RAAF Station Darwin
: a strategic and military response in the north western area, 1937-1942

  • John Bender

    Student thesis: Masters by Research - CDU


    A perspective of the strategic and military impact that RAAF Base Darwin and its satellite airfields in the Northern Territory had within the period 1937 to 1942 encompasses a number of key areas. These range from initial proposals to construct these new airfields, to the plans for their strategic military use after the failure of the Singapore Strategy; labour shortages and tin ion unrest; political naivety and government inter-departmental rivalries and jealousies (both local and federal); the use of the base by foreign powers such as the United States and the Netherlands; to the effects of the first military raids on Australian soil and the subsequent retaliatory operations launched from it; increases in spending and infrastructure (though much of this was belated); the associated problems faced in regards to the above, and finally, the amendments that had to be made both during and after the raids on Darwin by political and military thinkers, in consideration of defensive response.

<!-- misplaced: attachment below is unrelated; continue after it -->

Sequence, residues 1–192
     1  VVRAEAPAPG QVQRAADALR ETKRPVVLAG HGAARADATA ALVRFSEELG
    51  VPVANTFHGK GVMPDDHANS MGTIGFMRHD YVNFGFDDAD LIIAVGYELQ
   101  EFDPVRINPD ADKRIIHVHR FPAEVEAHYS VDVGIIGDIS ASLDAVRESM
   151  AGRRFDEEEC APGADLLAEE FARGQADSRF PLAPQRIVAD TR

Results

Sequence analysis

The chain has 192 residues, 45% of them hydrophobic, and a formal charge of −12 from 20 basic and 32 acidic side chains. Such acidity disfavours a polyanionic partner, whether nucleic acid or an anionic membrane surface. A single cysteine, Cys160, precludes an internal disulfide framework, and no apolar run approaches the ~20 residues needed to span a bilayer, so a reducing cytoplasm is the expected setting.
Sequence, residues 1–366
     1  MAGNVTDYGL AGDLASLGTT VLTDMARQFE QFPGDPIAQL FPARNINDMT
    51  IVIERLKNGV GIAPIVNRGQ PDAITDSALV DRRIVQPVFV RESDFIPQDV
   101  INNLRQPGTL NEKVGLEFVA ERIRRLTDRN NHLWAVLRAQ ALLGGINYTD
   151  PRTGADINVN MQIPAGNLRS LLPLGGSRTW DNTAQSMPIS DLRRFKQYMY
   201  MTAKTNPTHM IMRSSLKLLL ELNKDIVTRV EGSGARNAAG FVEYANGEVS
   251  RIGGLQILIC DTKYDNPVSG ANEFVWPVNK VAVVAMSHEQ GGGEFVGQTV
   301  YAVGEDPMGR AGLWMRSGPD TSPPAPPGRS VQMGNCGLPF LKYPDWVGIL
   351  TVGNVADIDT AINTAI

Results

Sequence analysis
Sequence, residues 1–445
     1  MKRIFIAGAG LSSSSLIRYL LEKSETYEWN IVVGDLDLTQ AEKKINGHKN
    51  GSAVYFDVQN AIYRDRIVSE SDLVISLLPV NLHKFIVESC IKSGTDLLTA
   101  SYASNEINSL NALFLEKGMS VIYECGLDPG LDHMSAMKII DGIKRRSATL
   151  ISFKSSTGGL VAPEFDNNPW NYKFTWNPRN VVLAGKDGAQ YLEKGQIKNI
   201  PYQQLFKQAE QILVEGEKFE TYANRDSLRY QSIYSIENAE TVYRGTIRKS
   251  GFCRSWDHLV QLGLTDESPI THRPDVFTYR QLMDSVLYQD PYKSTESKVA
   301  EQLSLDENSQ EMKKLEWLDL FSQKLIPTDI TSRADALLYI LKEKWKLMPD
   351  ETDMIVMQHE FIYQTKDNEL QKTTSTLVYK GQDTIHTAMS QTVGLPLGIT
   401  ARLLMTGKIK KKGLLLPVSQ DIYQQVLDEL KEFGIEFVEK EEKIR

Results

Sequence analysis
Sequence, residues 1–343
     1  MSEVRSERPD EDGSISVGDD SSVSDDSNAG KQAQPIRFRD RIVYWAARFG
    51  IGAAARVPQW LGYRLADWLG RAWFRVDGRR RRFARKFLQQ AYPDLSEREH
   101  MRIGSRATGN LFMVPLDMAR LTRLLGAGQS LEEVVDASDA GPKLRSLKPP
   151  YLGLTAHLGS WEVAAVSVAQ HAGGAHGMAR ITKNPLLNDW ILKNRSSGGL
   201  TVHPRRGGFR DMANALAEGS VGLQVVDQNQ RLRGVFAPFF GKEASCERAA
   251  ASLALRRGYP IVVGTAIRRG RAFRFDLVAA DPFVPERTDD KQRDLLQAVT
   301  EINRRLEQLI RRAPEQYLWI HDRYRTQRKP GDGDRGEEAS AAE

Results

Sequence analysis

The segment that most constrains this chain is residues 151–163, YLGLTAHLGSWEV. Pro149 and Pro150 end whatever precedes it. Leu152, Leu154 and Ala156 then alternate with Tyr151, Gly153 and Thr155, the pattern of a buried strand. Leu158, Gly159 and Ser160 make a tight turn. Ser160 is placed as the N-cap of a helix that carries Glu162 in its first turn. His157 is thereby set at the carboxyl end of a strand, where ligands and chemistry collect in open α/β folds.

Though much has been written regarding the bombing raids on the environments of Darwin and the RAAF base itself, the intent of this thesis is to provide an insight into the strategic importance of RAAF Station Darwin and the varying influences that affected units, local and foreign, assigned to the above during the period 1937 to 1942. As well, the foundations laid in regards to the history of the RAAF in Darwin and its satellite bases during this era, can be seen as part of a new' social and economic history of Darwin itself.
    Date of AwardJan 2005
    Original languageEnglish
    SupervisorAlan Powell (Supervisor) & David Carment (Supervisor)

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